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Dwyer, 1991 – "If your final objective is to have learners engage in
problem-solving,you inspect the instructional unit to make sure that
the content contains the appropriate facts, concepts, rules/principles,
etc. which are a prerequisite for that intended learners to engage in
Relate different levels of learning objectives to learning
Activities can include writing papers, doing projects, solving
problems, discussing issues, etc. Read more at Penn State World Campus Examples
of Student Activities.
When we talk about student activities, you may say:
I have all kinds of student activities, such as small-group discussion,
case studies, projects, etc. But why should you choose using case
studies over small-group discussion? And visa versa. Put another way:
when should you use one type of student activity over the other?
After you create the learning objectives, you should
not set them aside. Instead, you should keep them in mind alway when
you select student activities.
As mentioned in the section on "Why Do We Need Learning
Objectives" there are different levels of objectives. You will want
to select student activities based on the level of the objectives.
Following are some examples of student activities related to different
levels of learning.
The different levels of learning below are focused on
the cognitive domain. If you are teaching physical skills or want
to focus on students' attitude, feeling and values, you will want
to use other student activities.
|Level of Learning||Student activities|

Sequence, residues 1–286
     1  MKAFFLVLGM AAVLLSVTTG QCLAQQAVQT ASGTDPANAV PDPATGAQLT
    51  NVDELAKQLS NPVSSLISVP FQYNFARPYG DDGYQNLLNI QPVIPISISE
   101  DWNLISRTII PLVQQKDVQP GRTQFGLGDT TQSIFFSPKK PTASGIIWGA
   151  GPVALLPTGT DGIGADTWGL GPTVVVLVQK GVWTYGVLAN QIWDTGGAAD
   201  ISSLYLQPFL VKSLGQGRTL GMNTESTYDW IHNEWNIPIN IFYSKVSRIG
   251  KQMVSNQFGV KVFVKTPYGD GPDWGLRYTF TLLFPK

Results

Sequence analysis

quizzes, trivia games, etc.
students show examples/non-examples, student generated flowchart,
projects and prototypes, simulations, etc.
study, small group discussion, critical thinking, teamwork,
Dwyer, F. M.(1991). A paradigm for generating curriculum
design oriented research questions in distance education. Second
American Symposium Research in Distance Education, University
Park, PA: Pennsylvania
Heinrich, R., Molenda, M., Russell, J.D., Smaldino,
S.E. (1996). Instructional Media and Technologies for Learning.
Englewood Cliffs, NJ:
Huitt, W. (2000). Bloom
et al.'s taxonomy of the cognitive domain. Retrieved May
14, 2003, from href="http://chiron.valdosta.edu/whuitt/col/cogsys/bloom.html">
Kizlik, B. (2003). How to write effective behavioral
objectives. Boca Raton, FL: Adprima.
Retrieved May 14, 2003, from
Lohr, L (no date). Objectives, sequencing, strategies,
Retrieved May 14, 2003,
from University of Northern Colorado College of Education Web site:
SOGC Org (no date). Writing instructional objectives: The what, why how and when. Retrieved May 14, 2003, from
http://www.sogc.org/conferences/pdfs/instructionalObj.PDF [No Longer Available]